Hello again my readers and study abroad hopefuls!
Ashley Haugland here, and I’m happy to announce I’ve made it to Japan! I’ve been here, buckle up kiddies, a whole eleven days. I know, I know. You’re thinking, “She’s gotta be a pro by now.” (Disclaimer: The application of sarcasm and general sassy-ness expressed in this blog do not necessarily reflect those ideas and ideals held by the University of Alabama.)
The truth of the matter is, in the past eleven days I have been tested on every threshold a human possesses. In short, talk about ya’ culture shock, and by culture shock I mean, metaphorically, imagine living in a world where no one knows how to pick up their feet and ever surface is a carpet. That much shock. This is the Hell’s Kitchen of study abroad experiences.
To make a long story short, imagine a wee girl after a 20-hour, sleepless flight being thrust into a bustling city of millions with the sole directive to go, go, go. The next morning I woke up to a huge breakfast of “You have no idea how to navigate the train systems,” with a tasty, ever nutritious side of “What’s the word for XXXX again?”
I don’t want to scare anyone or dissuade anyone from pursuing a study abroad experience, because truly I recommend it to everyone. Studying abroad, more than any other experience I can think of, has taught me who I am as a person, and who I am in relation to the world at large. However, I do think it’s important not to candy coat everything.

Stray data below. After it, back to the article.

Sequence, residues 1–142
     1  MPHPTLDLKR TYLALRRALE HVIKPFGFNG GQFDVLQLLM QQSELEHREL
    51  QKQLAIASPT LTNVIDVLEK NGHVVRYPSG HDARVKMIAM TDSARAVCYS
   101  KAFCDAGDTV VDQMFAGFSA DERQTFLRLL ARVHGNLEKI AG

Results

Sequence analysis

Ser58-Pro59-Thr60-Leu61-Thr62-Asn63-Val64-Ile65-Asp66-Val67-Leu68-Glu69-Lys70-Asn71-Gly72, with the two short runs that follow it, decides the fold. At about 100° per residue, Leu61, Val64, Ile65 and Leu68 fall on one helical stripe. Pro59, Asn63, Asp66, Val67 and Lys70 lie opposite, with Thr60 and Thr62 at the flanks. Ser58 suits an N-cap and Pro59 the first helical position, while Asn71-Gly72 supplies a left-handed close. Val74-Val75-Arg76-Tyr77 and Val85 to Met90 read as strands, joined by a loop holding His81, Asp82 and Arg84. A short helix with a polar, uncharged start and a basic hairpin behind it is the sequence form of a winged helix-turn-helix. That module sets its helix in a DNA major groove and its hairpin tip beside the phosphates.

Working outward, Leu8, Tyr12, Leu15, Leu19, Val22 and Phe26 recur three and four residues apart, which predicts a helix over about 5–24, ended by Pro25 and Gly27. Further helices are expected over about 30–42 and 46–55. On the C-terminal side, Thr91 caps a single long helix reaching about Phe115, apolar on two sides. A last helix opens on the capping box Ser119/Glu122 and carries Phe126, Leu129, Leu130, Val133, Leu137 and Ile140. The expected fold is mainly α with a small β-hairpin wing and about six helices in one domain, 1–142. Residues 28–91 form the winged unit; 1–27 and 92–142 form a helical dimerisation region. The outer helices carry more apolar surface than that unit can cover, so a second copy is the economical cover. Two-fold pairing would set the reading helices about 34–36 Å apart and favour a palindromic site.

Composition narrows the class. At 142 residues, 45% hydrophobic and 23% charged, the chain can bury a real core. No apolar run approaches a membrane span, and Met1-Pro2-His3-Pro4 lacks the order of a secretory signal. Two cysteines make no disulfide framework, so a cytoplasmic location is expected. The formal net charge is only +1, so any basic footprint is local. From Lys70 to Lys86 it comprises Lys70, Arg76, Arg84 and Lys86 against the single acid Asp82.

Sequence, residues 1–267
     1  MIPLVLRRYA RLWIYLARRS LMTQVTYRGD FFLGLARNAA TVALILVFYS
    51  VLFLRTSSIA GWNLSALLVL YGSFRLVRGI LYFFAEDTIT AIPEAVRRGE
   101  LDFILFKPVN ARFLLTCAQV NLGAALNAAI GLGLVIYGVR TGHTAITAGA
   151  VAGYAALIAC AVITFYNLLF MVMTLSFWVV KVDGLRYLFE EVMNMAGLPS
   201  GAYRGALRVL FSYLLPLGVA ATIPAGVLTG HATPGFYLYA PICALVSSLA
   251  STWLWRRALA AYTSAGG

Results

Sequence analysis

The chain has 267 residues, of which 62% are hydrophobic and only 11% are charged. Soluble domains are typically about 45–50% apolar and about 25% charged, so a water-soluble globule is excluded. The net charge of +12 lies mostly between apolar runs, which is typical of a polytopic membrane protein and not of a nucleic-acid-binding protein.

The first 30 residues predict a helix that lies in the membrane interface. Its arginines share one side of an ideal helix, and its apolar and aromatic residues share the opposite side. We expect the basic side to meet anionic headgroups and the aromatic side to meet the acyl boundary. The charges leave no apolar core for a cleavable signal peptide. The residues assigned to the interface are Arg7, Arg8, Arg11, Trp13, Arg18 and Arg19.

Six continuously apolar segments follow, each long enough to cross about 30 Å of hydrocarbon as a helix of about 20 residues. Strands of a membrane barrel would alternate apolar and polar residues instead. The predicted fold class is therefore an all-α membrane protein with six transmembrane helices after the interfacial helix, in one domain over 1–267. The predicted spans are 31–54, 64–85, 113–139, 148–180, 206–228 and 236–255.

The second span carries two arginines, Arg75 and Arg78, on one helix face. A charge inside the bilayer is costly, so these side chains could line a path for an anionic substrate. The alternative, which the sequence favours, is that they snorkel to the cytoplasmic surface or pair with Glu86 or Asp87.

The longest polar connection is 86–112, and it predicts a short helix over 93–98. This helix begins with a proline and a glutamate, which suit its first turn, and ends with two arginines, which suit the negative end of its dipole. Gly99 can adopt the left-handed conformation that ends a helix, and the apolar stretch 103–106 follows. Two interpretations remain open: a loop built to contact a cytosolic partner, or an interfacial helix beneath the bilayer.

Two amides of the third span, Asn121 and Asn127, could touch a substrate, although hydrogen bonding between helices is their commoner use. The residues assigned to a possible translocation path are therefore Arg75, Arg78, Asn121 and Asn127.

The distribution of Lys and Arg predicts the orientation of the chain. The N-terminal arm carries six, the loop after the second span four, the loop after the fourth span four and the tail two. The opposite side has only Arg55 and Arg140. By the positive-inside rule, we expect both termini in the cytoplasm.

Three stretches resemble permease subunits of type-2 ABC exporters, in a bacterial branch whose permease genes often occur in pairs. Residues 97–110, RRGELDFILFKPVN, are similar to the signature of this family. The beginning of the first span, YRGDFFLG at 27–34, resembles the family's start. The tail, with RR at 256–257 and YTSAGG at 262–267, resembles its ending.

-mentally insert Sesame Street music if you please-
Today’s blog has been brought to you by the letter M! M for Mental Health Awareness!
I’m just going to list a few tidbits of advice on mental health when studying abroad, take it with a grain of salt, or really any seasoning of your choosing. This is an personal opinion based blog, don’t ‘cha know.
1. Try, as hard as it is, to be objective about your experiences.
– It varies from person to person, but 90% of people are going to experiences some major ups and downs. If things seem weird to you, just try to think outside of the bun (totally not sponsored by Taco Bell…) and see where the ‘natives’ are coming from. There’s more than likely a cultural explanation. Culture shock is normal and it will pass. Different doesn’t necessarily mean bad.
2. Ups and Downs are ok
– The best advice I ever got was to fully embrace the spectrum of human experience/emotion. Obviously, if you feel you are experiencing medical depression or anxiety etc. please seek professional help, however, the normal exchange student will feel some pretty extreme ups and downs. It’s okay to be sad or upset sometimes (please don’t take out your emotions on others…I’m not liable for you all…but..). The worst thing you can do is ignore how you’re feeling. Try to talk to someone, there are plenty of resources, or take some personal time to reflect on what may be causing the tension and possible solutions.
3. Do what you can do
– You are going to meet students who are far more advanced and far less advanced than you are (if you’re learning a second language). If you’re a competitive person, like myself, try not to let it ruin your experience abroad. You do you. Your basis for where you should be should be based on yourself, no one else, because everyone is unique. We all approach learning with different methods at different paces.
4. Stay healthy
– Getting enough sleep and nutritious food will greatly improve your mental health. Promise. Scientific fact. Google it.
Just take it day by day! Eventually you’ll acclimate and all that adversity will have hardened you. (Mentally. Hardened you mentally….as in…a leader…a world citizen if you will. Not physically. I am living proof, here. Zero abs to be had.)
Hope this has been helpful! Till next time!
Your friendly, neighborhood Bama Blogger,